Should You Shut Down Your Computer Every Night?

If you look at your computer’s “turn off” options, you’ll see “Sleep,” “Shut Down” and “Restart” (as well as “Sign Out,” but for our purposes we don’t need to worry about that last one).

Think of Sleep mode as the computer shutting its eyes real quick. It keeps all programs and files going while you run to the bathroom. Once you’re back, the computer comes back on, and it’s ready to go.

“Sleep mode puts your system into a low-power mode, but your apps and data are still in system memory,” says Geek Squad agent Derek Meister.

That quickness comes with some pros and cons. “Sleep mode helps everything pop up faster when you get back to your computer, but it also increases the possibility of losing data if the system loses power unexpectedly,” he says.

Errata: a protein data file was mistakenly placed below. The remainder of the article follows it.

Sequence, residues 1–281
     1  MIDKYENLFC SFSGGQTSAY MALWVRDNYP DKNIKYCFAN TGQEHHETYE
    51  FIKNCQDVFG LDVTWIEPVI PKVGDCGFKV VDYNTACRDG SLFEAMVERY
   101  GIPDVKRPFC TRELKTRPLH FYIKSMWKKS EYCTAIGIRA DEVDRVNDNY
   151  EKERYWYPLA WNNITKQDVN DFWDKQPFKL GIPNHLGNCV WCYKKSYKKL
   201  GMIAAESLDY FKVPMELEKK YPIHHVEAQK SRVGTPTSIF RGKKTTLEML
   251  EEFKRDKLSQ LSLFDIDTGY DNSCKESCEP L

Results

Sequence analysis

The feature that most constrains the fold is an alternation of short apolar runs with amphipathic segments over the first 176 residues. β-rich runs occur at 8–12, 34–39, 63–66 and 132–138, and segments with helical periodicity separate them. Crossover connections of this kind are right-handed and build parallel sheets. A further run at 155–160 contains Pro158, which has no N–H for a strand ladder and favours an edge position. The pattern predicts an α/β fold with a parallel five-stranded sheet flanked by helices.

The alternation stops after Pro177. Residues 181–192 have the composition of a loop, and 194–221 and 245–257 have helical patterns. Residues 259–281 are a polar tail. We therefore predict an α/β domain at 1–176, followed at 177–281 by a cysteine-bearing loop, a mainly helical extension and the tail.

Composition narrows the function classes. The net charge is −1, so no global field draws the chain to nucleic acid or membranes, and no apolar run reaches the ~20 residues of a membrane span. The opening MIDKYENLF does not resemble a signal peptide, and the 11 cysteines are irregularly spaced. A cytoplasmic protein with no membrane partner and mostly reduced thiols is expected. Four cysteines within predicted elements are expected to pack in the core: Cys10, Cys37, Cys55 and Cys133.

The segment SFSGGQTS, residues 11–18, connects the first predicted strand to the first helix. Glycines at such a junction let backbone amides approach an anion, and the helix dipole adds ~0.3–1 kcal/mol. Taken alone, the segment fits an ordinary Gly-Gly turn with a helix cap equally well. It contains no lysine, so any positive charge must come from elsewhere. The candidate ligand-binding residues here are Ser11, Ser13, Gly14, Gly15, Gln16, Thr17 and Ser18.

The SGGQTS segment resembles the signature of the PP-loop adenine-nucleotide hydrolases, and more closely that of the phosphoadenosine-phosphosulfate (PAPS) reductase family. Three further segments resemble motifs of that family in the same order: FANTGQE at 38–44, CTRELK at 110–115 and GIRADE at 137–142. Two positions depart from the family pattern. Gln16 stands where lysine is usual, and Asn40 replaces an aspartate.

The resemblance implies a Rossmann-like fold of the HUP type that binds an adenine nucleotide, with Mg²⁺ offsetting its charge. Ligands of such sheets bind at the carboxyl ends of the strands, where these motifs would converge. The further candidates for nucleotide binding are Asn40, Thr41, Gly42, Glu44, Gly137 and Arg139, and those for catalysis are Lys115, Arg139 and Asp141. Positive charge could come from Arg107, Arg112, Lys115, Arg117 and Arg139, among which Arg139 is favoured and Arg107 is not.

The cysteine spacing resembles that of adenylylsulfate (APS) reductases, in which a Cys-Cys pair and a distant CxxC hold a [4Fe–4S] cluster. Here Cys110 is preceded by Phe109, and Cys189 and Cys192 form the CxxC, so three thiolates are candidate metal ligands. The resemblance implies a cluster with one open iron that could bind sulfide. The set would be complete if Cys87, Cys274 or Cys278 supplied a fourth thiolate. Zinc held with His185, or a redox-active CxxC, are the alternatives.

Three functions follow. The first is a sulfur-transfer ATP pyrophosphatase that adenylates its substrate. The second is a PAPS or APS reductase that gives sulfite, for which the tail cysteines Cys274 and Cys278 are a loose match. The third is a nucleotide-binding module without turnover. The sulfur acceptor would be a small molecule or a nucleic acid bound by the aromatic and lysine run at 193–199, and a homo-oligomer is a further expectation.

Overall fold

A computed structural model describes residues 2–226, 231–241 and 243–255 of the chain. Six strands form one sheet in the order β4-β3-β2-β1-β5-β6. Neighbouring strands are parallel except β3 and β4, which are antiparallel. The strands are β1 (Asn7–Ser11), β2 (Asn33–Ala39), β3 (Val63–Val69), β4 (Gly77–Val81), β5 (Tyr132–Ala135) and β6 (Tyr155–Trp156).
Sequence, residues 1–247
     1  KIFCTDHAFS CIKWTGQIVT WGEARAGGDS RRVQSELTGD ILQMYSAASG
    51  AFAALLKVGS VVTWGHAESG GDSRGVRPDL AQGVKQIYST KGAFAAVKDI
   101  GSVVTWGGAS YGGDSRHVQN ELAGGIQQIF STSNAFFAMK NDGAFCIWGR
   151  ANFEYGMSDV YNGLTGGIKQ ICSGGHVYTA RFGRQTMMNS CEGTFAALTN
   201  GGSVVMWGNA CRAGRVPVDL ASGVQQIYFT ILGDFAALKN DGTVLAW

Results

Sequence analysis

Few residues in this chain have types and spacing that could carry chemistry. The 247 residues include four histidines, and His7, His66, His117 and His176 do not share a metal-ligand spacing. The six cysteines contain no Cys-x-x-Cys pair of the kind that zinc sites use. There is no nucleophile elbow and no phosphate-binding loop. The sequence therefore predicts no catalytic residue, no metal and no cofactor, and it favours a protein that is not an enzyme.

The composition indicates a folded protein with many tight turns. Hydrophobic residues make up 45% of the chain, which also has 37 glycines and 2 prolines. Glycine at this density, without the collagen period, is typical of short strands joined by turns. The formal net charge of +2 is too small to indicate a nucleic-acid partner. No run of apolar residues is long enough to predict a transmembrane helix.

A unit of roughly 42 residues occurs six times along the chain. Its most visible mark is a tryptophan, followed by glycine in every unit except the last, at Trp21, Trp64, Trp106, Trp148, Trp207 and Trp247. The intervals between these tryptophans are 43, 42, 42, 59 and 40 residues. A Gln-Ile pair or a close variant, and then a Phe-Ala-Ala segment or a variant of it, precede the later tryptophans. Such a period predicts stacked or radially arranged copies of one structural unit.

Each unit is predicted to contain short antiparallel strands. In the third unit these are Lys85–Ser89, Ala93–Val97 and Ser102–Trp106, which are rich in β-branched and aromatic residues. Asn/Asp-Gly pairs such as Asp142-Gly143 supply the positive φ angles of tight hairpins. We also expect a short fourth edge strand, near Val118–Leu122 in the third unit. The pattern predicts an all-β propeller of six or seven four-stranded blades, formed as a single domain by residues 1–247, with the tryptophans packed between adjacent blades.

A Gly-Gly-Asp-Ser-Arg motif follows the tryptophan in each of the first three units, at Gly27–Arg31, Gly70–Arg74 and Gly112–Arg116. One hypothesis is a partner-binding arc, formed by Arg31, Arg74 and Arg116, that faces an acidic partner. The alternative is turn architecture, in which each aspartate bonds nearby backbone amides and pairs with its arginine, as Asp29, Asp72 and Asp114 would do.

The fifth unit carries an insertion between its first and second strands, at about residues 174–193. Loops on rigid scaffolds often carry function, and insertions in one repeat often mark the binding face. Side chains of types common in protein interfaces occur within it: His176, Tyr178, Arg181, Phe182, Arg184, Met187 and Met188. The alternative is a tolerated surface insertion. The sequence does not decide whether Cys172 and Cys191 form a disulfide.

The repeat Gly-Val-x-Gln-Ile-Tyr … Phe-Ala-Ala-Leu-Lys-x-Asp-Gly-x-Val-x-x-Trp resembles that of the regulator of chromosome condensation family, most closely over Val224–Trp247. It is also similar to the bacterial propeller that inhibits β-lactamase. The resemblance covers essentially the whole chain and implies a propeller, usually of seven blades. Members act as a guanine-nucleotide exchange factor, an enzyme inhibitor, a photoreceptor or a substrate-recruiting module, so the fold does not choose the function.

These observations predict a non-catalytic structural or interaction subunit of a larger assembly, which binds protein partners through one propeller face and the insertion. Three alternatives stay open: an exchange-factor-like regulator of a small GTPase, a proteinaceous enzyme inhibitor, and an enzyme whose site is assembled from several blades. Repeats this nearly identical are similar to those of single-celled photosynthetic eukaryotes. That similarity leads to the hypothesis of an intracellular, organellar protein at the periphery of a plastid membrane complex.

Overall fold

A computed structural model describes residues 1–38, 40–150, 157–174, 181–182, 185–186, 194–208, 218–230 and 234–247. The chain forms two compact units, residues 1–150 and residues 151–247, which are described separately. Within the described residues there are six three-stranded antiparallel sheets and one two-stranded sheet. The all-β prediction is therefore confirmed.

Depending on your computer, it may also have a Hibernating mode. Hibernating occurs when you haven’t used your laptop for a while (think an hour or two), and the computer goes a step further than sleep into hibernation. Hibernation may take a little longer for the computer to wake up, but it is safer if the power goes out since it saves the current session’s data to the hard drive.

In the end, both modes are similar. “The modes are essentially a way to conserve power while still keeping programs and files open, so everything is generally as you left it when you get back to your computer,” says Meister.

Shut Down closes all programs and files you have open, but doesn’t shut off the Windows kernel, which is the core of the operating system that enables the software and the hardware to function together. Restart will actually shut down all your files, in addition to the Windows kernel, before resuming operations.

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